Tameka Kimble stood in line for nearly 90 minutes Tuesday afternoon at Booker T. Washington High to receive one of the 500 Thanksgiving food baskets purchased by Memphis Grizzlies star Zach Randolph.
She didn’t even think of complaining during what seemed to be a long wait, considering her prayers for the holiday were about to be answered.
“It felt like an hour,” Kimble, who has two children who attend Washington, said with a big smile. “It was worth it. I feel like they didn’t have to do it, but they did.”
Hundreds of South Memphis residents turned out in BTW’s gymnasium to receive food baskets as part of the Grizzlies’ Season of Giving, which began Nov. 15 and runs through the week leading to Christmas. For Randolph, Tuesday marked the third time in less than a week the 12-year veteran power forward has reached out to poverty-stricken communities for the holidays.
A week ago, Randolph purchased food baskets for families of 450 students at Carver High, which is in close proximity of BTW. Then, on Sunday, hours after the Grizzlies’ road game against the Charlotte Bobcats, Randolph visited his native hometown of Marion, Ind., where he gave away 500 more baskets. Tuesday was more of the same as 500 baskets were removed from a 54-foot trailer outside the school and covered about a third of the floor in BTW’s gym.
One by one, students and local residents were given baskets that included a turkey, ham, chicken, macaroni and cheese, stuffing, green beans, and brownie mix, among other things.
“This community has embraced me and I have embraced this community back,” said Randolph who, in between handing out baskets, posed for photos and signed autographs with fans. “I mean, it’s a perfect fit. I don’t do it for the cameras and the attention. I do it from the heart.”
Randolph, in fact, said his latest acts of benevolence overshadowed what he has been a somewhat challenging week for the Grizzlies’ second-leading scorer and the NBA’s leader in double-doubles.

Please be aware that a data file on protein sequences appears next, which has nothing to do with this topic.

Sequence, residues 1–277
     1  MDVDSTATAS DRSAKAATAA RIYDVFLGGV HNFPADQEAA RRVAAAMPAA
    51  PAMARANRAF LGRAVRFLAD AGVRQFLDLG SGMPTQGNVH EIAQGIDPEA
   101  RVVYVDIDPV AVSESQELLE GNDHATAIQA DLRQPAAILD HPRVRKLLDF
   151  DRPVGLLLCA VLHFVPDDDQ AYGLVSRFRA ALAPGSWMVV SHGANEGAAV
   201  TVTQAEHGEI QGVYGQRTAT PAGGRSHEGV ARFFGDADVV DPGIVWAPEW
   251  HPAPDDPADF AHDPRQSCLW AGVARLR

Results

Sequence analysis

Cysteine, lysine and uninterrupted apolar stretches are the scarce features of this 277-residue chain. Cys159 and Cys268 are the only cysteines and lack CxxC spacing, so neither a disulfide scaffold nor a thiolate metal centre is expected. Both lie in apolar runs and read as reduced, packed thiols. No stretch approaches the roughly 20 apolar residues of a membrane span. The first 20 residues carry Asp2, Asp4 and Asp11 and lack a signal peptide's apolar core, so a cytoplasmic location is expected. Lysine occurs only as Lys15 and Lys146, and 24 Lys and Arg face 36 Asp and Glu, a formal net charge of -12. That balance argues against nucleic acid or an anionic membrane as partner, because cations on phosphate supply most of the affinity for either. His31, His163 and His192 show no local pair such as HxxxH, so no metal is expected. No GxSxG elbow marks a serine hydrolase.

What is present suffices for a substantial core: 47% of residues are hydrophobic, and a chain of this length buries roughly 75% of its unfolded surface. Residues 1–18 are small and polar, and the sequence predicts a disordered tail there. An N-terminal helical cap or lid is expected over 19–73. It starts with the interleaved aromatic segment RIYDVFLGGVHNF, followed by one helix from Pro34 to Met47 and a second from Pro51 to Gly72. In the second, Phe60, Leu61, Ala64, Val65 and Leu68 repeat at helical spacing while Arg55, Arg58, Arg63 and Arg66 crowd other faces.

Earlier on Monday, league officials fined Randolph $25,000 for confronting Oklahoma City’s Kendrick Perkins in the locker room area at Chesapeake Arena following their ejections in the closing minutes of the Grizzlies versus Thunder game Nov. 14. Later that evening, Memphis witnessed its eight-game undefeated streak end in a 97-92 loss to the Denver Nuggets in FedExForum.
“It’s basketball and emotions fly and it’s a part of the game,” Randolph said of the fine. “Hopefully, I can try and get some of my money back. But you live and you learn.”
Still, Randolph deemed it an obligation to provide help to the less-fortunate in a Memphis-area neighborhood that is reminiscent of his hometown, largely because he knows what it’s like to be raised in an impoverished household.
“I was in situations where I didn’t have a lot coming up in a single parent home,” said Randolph who, in April 2011, signed a four-year extension with the Grizzlies worth $71 million ($61 million guaranteed). “So I can relate to these people and they can relate to me. So it’s an understanding.”
Randolph, who, two years ago, received the NBA Cares Community Assist Award, has become a fixture for providing assistance to downtrodden communities throughout the Bluff City.
In March, Randolph donated $20,000 for the second consecutive year to Metropolitan Inter-Faith Association (MIFA) to cover utility expenses for as many as 100 homes throughout the Memphis. Last year, he was presented with the “Community Hero” award during a banquet by Memphis Light Gas And Water President and chief executive officer Jerry R. Collins, Jr.
Washington principal Alisha Kiner, whose school made national headlines in May 2011 when President Obama spoke to its graduating seniors after the school won the White House’s Race to the Top Commencement Challenge, was ecstatic that Randolph offered to aid her 500-plus students for the holidays.
“He just said he wanted to choose BTW (to distribute baskets) and we accepted,” Kiner said. “Some the kids, their parents weren’t able to furnish a huge meal. (Randolph) did it for Carver and that’s great being we are in a high needs area.”
Like Randolph, other Grizzlies also have made holiday rounds throughout the city to offer help to the less fortunate.
Rudy Gay, Memphis’ franchise player, on Wednesday distributed food baskets to approximately 400 Frayser-area families of Frayser High students. Also, on Sunday, Grizzlies forward Quincy Pondexter gave away 400 baskets to a number of his Twitter followers and families of Power Life Academy at New Direction Christian Church during his community giveaway called “Random Acts of Q-Ness.”
“It’s a good thing,” Kimble said as she exited BTW’s gym, barely able to hold her basket filled with food. “I’m glad they didn’t forget where they came from and gave back.”
Even if it meant standing in line for nearly 90 minutes to have her prayers answered.